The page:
The opinion having been thus changed to clarify our view of the applicable Texas law, the Petition for Rehearing is DENIED and no member of this panel or judge in regular active service on the court having requested that the court be polled on rehearing en banc (Federal Rules of Appellate Procedure and Local Rule 35) the Suggestion for Rehearing En Banc is DENIED.

2

Section 2.102 of the Texas U.C.C. provides that,

Nor does this chapter impair or repeal any statute regulating sales to consumers, farmers or other specified classes of buyers.

(emphasis added). This clause of the Utah U.C.C. has been interpreted by the Utah Supreme Court as protecting a similar Utah state cattle statute from supersession by the U.C.C., Pugh v. Stratton, 22 Utah 2d 190, 450 P.2d 463, 465 (Utah 1969). But see Wilson v. Burrows, 27 Utah 2d 436, 497 P.2d 240, 242 (Utah 1972).

The plaintiffs' argument that article 6903 was not superseded in part similarly depends upon Texas U.C.C. § 2.102 and upon the additional factor that article 6903 was recodified by the Texas legislature in 1981 (without substantive change) in an attempt to eliminate "repealed, duplicative, unconstitutional, expired, executed, and other ineffective provisions ...." Tex.Agric.Code § 1.001 (1981). The reenactment of the statute is argued to indicate that it was not one of those considered by the legislature to have been "repealed" or "expired." Sayles v. Robison, 103 Tex. 430, 129 S.W. 346, 348 (Tex.1910). And finally, the general repealing article of the Texas U.C.C., § 10-103 (repealing all laws in conflict therewith), may not require a different conclusion; Texas courts do not favor general repealers in the absence of strong repugnance between the new and existing statutes and, if possible, the statutes are construed so as to give effect to both. Gordon v. Lake, 163 Tex. 392, 356 S.W.2d 138, 139 (Tex.1962); Standard v. Sadler, 383 S.W.2d 391, 395 (Tex.Civ.App.1964). See also Pfluger v. Colquitt, 620 S.W.2d 739, 741 (Tex.Civ.App.1981), writ ref'd n.r.e. (reconciling Texas U.C.C. and requirement of Texas Motor Vehicle Certificate of Title Act).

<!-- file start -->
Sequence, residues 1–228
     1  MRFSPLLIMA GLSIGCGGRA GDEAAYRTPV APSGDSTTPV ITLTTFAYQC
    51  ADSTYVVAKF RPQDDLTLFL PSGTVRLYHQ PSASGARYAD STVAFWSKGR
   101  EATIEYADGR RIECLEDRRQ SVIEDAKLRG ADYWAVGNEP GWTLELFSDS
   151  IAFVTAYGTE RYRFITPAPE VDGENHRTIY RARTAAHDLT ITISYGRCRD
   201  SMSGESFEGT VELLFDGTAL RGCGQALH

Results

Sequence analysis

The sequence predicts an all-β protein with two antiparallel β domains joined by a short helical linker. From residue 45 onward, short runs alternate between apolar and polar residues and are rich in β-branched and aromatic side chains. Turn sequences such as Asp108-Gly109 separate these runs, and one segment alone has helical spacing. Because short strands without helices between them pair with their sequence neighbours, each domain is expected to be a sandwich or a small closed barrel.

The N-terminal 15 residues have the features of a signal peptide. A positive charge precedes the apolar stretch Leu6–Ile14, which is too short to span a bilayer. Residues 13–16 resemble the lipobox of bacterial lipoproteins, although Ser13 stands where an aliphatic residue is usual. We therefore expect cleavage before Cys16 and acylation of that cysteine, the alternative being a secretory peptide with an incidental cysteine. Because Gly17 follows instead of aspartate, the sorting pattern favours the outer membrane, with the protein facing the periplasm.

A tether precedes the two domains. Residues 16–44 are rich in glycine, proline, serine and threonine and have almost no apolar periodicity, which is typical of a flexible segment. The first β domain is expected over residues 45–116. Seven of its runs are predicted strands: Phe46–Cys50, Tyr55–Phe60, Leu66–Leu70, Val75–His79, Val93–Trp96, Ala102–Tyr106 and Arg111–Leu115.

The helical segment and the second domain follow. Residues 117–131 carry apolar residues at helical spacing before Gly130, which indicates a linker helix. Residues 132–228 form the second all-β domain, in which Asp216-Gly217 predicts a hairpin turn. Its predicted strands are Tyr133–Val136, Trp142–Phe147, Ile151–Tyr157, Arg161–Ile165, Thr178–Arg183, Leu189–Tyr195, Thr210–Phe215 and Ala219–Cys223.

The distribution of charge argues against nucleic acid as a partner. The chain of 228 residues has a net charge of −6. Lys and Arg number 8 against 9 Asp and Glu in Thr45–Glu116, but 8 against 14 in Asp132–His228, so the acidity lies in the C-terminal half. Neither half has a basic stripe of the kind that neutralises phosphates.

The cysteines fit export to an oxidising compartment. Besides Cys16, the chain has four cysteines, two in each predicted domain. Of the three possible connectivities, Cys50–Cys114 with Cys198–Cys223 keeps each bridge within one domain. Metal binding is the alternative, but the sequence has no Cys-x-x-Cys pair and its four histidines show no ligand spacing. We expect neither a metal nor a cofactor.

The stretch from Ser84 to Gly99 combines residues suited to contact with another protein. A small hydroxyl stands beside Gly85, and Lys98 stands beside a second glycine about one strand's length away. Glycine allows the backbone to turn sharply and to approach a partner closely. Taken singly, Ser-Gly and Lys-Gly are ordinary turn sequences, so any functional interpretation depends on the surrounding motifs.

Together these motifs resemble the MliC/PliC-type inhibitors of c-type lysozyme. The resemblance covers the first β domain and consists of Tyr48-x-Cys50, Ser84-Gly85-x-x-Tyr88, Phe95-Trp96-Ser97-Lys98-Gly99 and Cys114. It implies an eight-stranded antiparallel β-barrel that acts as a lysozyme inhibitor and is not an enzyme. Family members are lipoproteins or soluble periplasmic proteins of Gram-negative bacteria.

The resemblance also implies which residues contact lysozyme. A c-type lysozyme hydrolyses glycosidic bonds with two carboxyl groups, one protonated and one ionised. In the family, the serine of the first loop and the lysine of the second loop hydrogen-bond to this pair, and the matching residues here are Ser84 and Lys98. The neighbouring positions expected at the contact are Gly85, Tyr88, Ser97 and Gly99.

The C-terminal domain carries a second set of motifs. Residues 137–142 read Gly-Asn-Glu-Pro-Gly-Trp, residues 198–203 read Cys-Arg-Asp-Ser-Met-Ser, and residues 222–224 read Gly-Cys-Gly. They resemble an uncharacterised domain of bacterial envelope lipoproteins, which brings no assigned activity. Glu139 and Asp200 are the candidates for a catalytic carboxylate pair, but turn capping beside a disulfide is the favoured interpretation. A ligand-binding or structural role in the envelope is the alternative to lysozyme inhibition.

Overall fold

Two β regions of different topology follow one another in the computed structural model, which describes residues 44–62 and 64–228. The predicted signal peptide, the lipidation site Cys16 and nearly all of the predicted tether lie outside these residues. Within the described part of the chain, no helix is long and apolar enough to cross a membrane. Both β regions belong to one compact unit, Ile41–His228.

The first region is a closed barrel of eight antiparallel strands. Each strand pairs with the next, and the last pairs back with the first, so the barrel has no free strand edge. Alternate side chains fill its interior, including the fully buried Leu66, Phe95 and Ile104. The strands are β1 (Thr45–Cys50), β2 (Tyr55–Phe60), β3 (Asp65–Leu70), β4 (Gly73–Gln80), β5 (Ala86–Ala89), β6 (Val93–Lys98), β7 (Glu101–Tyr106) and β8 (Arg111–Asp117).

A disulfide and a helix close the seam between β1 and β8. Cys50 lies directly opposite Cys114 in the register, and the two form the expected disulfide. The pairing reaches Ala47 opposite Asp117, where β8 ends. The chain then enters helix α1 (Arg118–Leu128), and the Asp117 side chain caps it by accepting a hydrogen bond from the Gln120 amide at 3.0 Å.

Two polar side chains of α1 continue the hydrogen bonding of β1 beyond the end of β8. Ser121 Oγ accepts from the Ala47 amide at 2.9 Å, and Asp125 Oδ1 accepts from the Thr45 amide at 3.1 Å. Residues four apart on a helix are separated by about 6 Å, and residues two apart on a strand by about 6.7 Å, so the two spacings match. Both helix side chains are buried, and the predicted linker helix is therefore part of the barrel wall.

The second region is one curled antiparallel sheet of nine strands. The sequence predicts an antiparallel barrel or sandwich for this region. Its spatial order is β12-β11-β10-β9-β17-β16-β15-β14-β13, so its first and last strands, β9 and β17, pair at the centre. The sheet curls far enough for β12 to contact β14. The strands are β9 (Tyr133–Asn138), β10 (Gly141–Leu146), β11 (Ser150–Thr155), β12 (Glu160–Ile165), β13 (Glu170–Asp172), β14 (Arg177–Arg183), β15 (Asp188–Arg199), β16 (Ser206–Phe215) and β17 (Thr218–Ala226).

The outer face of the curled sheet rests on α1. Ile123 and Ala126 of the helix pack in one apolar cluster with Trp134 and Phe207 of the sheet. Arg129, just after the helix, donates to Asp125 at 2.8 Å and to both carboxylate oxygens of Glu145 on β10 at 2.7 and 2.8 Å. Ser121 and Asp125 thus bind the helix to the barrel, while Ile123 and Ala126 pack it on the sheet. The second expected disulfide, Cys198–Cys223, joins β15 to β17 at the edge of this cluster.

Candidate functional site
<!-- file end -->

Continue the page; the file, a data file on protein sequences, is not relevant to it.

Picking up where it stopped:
3

The issue was before the court inasmuch as article 6903, was cited in the briefs, both in Kinsel's original brief, and in an amicus brief filed on application for rehearing, was addressed by the dissenting justices, and inasmuch as the intermediate court opinion there reversed had relied heavily on John Clay & Co. Livestock Commission v. Clements, 214 F.2d 803 (5th Cir.1954), in which article 6903 was in part the basis of the opinion. Valley Stockyards Company v. Kinsel, 360 S.W.2d 817, 819 (Tex.Civ.App.1962)